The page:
One interesting fact about Sumatra Island is that it is home to the largest volcanic lake in the world, known as Lake Toba. This enormous lake was formed around 75,000 years ago during a massive volcanic eruption that created a caldera, a large volcanic crater. Lake Toba stretches over 1,707 square kilometers and reaches depths of up to 505 meters, making it one of the deepest lakes in the world. The picturesque lake is not only a natural wonder but also holds cultural significance as it is surrounded by the Batak ethnic group, known for their unique traditions and architectural styles. Visitors to Sumatra can marvel at the beauty of Lake Toba and explore the surrounding villages, temples, and lush landscapes that make this island a truly remarkable destination.
Area: 242,500 square kilometers
The United Kingdom, comprising Great Britain and Northern Ireland, holds the seventh spot on our list. This island nation is famous for its rich history, iconic landmarks like Stonehenge and Buckingham Palace, and charming countryside. From vibrant cities like London and Edinburgh to rolling hills and picturesque coastlines, the UK offers a diverse range of experiences.
The United Kingdom is made up of more than 6,000 islands, with the main ones being Great Britain, Ireland, and the Isle of Man.
Area 225,800 square kilometers
Honshu, the largest island of Japan, is a captivating blend of ancient traditions and modern marvels. It is home to iconic cities such as Tokyo, Kyoto, and Osaka, where technological advancements harmonize with centuries-old shrines, gardens, and castles. Honshu’s natural wonders include the majestic Mount Fuji and serene hot spring resorts.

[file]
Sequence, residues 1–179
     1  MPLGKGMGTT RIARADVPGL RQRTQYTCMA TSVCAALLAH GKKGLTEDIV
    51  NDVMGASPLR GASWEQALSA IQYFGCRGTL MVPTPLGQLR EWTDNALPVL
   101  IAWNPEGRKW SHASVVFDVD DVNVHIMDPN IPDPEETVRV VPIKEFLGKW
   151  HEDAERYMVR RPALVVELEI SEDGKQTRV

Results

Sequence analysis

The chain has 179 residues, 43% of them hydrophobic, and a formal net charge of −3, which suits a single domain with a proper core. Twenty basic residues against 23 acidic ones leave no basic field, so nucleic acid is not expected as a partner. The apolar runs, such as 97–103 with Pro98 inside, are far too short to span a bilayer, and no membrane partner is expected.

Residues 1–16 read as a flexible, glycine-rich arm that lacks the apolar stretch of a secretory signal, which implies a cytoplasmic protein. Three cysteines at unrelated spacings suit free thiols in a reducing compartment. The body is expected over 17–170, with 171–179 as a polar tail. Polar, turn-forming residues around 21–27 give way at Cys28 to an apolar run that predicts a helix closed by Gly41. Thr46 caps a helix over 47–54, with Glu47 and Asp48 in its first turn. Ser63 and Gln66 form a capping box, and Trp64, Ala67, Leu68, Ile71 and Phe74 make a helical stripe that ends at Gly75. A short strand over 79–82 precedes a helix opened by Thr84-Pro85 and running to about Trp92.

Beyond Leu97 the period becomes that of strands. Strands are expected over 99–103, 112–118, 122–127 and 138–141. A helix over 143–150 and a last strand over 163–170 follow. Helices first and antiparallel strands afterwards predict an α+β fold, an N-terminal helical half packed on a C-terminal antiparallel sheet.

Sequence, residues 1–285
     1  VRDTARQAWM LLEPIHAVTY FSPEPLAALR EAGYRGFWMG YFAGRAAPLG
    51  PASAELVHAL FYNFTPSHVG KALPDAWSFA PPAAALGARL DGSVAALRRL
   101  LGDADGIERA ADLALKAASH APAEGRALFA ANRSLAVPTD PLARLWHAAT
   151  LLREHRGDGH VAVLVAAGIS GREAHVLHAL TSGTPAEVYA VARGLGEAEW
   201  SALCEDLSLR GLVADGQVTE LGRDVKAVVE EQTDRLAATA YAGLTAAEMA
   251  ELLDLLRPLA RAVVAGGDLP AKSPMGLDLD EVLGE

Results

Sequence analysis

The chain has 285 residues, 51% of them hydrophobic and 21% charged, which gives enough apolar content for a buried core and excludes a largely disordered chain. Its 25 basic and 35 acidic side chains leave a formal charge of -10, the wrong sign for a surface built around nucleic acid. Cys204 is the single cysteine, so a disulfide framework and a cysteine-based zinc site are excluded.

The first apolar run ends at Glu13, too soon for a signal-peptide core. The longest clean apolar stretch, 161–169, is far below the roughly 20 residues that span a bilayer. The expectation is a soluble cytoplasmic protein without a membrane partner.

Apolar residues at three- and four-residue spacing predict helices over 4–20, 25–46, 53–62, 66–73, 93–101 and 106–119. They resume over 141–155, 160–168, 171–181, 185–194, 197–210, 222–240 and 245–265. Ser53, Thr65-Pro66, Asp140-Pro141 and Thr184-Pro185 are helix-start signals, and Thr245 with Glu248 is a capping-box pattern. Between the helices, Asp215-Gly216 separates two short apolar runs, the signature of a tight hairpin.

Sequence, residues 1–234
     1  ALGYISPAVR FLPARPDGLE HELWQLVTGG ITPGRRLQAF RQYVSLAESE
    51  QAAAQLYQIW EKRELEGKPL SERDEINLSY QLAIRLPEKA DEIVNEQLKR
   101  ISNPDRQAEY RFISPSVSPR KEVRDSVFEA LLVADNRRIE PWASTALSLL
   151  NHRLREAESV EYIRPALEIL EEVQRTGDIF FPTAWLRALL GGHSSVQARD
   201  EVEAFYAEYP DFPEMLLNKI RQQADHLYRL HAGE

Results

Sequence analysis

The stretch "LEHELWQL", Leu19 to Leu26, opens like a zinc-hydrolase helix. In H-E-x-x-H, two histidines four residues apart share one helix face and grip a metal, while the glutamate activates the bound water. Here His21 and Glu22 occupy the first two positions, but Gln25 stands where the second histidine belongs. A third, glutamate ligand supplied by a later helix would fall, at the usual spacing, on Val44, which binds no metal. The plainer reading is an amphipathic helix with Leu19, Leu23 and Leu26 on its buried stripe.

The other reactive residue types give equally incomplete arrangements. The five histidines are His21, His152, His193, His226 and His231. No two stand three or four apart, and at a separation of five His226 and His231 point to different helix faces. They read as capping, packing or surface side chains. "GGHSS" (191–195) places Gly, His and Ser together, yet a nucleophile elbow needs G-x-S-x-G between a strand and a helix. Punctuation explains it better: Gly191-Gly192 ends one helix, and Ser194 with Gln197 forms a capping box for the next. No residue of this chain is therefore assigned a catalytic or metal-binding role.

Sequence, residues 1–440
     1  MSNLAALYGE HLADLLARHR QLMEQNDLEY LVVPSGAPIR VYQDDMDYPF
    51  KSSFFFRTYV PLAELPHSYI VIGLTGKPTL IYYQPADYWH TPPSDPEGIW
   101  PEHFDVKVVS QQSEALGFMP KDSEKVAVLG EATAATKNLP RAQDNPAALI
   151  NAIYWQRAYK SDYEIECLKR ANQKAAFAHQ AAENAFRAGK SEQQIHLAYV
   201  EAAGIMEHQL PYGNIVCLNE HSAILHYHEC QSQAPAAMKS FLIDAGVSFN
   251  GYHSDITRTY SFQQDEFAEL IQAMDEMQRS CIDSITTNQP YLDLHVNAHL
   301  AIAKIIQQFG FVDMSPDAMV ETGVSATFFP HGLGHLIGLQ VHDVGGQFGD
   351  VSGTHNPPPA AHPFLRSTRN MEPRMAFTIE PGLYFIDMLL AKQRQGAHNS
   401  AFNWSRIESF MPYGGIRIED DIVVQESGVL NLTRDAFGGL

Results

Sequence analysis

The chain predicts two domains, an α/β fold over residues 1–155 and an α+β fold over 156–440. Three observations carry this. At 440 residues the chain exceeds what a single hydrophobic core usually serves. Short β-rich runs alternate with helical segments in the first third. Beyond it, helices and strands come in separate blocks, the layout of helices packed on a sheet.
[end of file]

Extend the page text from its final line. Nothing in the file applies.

Honshu is home to the famous bullet train, known as the Shinkansen, which connects major cities at speeds of up to 320 kilometers per hour.
Area: 217,291 square kilometers
Victoria Island, located in the Arctic Archipelago of Canada, is the ninth-largest island in the world. This remote and sparsely populated island offers a rugged and untouched wilderness. It is characterized by vast tundra landscapes, frozen lakes, and impressive coastal cliffs. Victoria Island is home to a diverse range of wildlife, including muskoxen, arctic foxes, and migratory bird species.
Victoria Island has a significant population of muskoxen, known for their thick coats and distinctive curved horns.
Area: 196,236 square kilometers
Ellesmere Island, also part of the Canadian Arctic Archipelago, wraps up our list as the tenth-largest island globally. Known for its extreme Arctic climate, this island is characterized by icy fjords, glaciers, and snow-capped peaks. Ellesmere Island is a haven for wildlife enthusiasts, as it is home to Arctic wolves, polar bears, and unique bird species such as the gyrfalcon.
Ellesmere Island’s Quttinirpaaq National Park is the second-largest national park in Canada and offers unparalleled opportunities for Arctic exploration and wildlife observation.
These extraordinary islands not only showcase the diverse beauty of our planet, but also hold significant ecological, cultural, and historical importance. Exploring these magnificent landscapes and immersing oneself in their rich tapestry of wildlife and traditions is an experience like no other. The world’s largest islands are waiting to be discovered, offering a glimpse into the wonders of our natural world.